Docs recent email to me (I had told him I’m down to 311 pounds) and that I’m not satisfied with free enterprise.

Wow, 311!!!

I better put some kind of filter on the skimmer so you don't get sucked down with the leaves.

Free enterprise is working fine. It can recognize that Fredo has turned us into Somalia with a Chryser Building.

Later, Dude.

The Doc Says ...

Quite a week, eh, Sparky?

The whole debt ceiling drama really showcased why congress has a 13% job approval and I would guess that the 13% who gave the positive feedback are actually people who work in congress. Have you ever seen a more despicable performance in your life? But the Bamster told us that if we didn’t raise the debt ceiling the stock market would tank. So we gave him an extra trillion or so to play with and guess what. The very next day the stock market hits the wall harder than Charlie Sheen in the Daytona 500.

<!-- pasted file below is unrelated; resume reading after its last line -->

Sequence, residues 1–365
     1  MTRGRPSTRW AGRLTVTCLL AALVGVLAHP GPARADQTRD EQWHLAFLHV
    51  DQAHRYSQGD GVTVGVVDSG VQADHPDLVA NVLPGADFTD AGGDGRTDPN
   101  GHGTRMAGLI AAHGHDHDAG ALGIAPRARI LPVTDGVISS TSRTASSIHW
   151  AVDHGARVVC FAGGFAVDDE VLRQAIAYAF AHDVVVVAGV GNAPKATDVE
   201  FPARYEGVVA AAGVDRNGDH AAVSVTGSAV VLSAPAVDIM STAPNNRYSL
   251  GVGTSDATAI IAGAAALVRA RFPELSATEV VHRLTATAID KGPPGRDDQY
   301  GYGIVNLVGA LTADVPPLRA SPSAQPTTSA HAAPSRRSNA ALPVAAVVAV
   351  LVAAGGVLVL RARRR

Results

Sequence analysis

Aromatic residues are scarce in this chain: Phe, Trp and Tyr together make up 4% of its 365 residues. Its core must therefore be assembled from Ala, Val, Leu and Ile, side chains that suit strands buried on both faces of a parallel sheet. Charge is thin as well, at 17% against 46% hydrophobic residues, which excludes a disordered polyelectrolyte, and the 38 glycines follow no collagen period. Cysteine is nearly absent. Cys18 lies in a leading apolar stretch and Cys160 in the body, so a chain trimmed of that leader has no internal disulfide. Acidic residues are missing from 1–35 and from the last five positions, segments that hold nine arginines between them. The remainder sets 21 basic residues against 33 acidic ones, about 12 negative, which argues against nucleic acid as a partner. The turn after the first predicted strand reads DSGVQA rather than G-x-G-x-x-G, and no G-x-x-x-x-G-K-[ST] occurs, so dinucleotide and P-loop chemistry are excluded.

Happy Birthday, Fredo!

That notorious muffin head Biden has the audacity to refer to the Tea party Republicans as terrorists. In Obama’s America we don’t even refer to Al Qaeda as terrorists. I believe Janet Napolitano refers to the 9/11 hijackers as “Undocumented Airline Pilots”.

Government Motors is still pushing their all electric, Chevy Volt. In February they sold almost 300 of them. In July, across the whole freaking United States they sold 125 of them. GM’s response… they are boosting production of them to 5,000 per month. Start saving your pennies. The second bailout of GM can’t be too far away.